Book Review: Never Seduce a Scot by Maya Banks

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Never Seduce a Scot by Maya Banks
Series: The Montgomerys and Armstrongs #1
Published: 2012
Genre: Historical Romance
Format: Kindle
Pages: 418
Source: Library
Dates Read: January 23-26, 2019
Grade: C
Synopsis:Eveline Armstrong is fiercely loved and protected by her powerful clan, but outsiders consider her “touched.” Beautiful, fey, with a level, intent gaze, she doesn’t speak. No one, not even her family, knows that she cannot hear. Content with her life of seclusion, Eveline has taught herself to read lips and allows the outside world to view her as daft. But when an arranged marriage into a rival clan makes Graeme Montgomery her husband, Eveline accepts her duty—unprepared for the delights to come. Graeme is a rugged warrior with a voice so deep and powerful that his new bride can hear it, and hands and kisses so tender and skilled that he stirs her deepest passions.

Graeme is intrigued by the mysterious Eveline, whose silent lips are ripe with temptation and whose bright, intelligent eyes can see into his soul. As intimacy deepens, he learns her secret. But when clan rivalries and dark deeds threaten the wife he has only begun to cherish, the Scottish warrior will move heaven and earth to save the woman who has awakened his heart to the beautiful song of a rare and magical love.

REVIEW

nsas.jpgThis book was a parabola. The beginning was good, the middle dragged, and the ending picked the story back up again. At its heart, this is a story of acceptance and overcoming fear. Eveline accepts her fate and overcomes her fear of joining Graeme and the Montgomery clan; Graeme and the Montgomerys grow to accept Eveline and join with the Armstrongs, as well.

The first thing that bothered me about the writing was that it is a bit repetitive. We know Eveline reads lips and has to make sure she’s facing a person to understand them. We know Graeme makes sure she’s looking at him so she can read his lips. We know she looks away to prevent knowing what someone says. Stop repeating it, please.

As for the romance, I think Graeme fell in love a little too quickly. Not that it isn’t possible, but it seemed a little exaggerated. They’d been married for all of a week when Graeme’s suddenly all, “Oh, I love her! How could this happen so quickly?” Yes, Graeme. How? At first he treats her gently because he thinks she’s mentally disabled, but then once he discovers that she’s simply deaf, he suddenly changes his tune. I think it was just a bit too quick. I would have liked more development between Eveline and Graeme, even just a couple of pages focused on their relationship.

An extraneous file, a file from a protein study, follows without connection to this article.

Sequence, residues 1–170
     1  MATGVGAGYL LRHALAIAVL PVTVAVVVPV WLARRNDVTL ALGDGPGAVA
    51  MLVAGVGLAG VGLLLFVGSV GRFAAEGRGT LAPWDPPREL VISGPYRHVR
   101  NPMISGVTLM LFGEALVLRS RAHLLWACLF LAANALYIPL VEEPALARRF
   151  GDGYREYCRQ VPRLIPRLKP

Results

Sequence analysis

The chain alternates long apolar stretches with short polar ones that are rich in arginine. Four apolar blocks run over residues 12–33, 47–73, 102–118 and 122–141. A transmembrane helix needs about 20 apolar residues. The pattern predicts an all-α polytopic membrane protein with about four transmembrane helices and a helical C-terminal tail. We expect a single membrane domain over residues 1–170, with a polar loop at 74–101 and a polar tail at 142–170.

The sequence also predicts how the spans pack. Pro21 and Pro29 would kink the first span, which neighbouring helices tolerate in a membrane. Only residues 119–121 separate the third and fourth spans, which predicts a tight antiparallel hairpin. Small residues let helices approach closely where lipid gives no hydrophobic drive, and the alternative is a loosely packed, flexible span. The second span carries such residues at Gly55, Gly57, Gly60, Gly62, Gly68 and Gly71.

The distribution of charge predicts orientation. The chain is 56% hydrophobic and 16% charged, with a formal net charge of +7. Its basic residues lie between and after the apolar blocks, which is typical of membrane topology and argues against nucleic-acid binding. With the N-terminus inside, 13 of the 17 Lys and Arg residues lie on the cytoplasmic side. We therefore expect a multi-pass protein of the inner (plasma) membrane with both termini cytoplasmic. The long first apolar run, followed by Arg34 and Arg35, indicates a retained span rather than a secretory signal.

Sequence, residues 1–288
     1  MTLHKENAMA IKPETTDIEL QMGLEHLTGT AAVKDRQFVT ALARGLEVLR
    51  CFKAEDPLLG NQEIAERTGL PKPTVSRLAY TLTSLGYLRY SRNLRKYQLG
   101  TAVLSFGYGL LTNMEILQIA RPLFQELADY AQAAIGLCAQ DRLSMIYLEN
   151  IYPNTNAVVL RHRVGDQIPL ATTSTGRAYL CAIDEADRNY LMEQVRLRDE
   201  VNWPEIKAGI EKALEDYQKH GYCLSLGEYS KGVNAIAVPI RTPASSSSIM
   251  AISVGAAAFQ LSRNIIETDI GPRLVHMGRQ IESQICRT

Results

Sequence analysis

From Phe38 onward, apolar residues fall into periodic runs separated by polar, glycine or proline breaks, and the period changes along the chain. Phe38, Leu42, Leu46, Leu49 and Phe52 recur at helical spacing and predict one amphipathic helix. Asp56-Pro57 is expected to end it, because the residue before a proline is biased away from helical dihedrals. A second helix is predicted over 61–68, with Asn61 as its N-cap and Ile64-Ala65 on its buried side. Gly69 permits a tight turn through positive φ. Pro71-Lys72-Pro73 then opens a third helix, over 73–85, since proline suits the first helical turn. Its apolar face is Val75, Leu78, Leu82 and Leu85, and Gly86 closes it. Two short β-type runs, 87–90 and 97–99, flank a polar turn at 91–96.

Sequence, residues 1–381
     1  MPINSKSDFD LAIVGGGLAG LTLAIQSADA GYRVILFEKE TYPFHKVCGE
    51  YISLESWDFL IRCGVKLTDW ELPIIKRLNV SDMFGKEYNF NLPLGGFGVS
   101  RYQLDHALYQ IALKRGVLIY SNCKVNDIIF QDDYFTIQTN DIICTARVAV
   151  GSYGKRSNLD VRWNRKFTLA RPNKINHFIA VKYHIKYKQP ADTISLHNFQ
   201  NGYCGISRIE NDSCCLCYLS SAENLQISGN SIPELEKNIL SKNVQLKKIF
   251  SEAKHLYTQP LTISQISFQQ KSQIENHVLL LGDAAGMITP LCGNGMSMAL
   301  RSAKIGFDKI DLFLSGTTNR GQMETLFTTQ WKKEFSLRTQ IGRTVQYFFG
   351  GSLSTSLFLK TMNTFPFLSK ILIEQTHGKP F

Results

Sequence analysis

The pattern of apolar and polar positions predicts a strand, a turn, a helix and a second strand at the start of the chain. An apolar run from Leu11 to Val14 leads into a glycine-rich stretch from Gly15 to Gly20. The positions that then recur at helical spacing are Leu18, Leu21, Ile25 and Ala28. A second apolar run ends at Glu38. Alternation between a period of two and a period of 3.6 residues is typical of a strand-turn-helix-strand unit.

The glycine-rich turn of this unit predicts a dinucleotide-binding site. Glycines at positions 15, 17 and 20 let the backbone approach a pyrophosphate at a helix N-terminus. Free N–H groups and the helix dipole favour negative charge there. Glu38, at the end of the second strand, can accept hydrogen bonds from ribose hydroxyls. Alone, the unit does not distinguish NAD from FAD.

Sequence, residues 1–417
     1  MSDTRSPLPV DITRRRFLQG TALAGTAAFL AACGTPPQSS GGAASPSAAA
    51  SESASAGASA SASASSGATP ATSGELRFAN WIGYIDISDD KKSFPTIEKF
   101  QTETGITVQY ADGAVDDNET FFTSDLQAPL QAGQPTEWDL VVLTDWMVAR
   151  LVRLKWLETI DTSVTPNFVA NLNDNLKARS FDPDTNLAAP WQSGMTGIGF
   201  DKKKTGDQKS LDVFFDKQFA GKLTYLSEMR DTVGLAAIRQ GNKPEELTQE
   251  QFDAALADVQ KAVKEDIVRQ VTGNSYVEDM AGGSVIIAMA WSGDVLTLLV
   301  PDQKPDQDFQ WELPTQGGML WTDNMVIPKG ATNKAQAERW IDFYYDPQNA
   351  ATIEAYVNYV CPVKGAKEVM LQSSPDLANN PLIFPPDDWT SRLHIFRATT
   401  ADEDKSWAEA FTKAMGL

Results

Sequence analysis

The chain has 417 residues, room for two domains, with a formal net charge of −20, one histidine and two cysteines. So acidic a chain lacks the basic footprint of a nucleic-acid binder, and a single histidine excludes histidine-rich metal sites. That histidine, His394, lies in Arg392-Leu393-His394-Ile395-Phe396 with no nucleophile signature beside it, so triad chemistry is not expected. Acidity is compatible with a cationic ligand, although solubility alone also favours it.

When the Armstrongs said Eveline was terrified of horses, I wanted her to have to overcome her fear at some point, especially since she used to love riding. And thank goodness, she did when she needed to in order to help Graeme when he needed her to. She didn’t even hesitate when she realized that she’d need to mount the horse. That’s one thing I really liked about Eveline: she was brave. Even when she pretended she couldn’t speak for three years out of her fear of a man, she did it for protection and eventually spoke to Graeme when she realized she would be safe. She was brave in her self-preservation and in her protection of others.

I liked how Bowen and Teague, Graeme’s brothers, grew to accept Eveline, even aside from the reason that Graeme wanted them to. Bowen started off softer toward her, and Teague took a little longer to warm up to her, but I think I liked Teague’s relationship with her the best since he started off being more averse to her. My heart swelled a little when he insisted that she ride with him because he was worried about her safety, and then again when both Bowen and Teague treated her with such tenderness while Graeme was indisposed.


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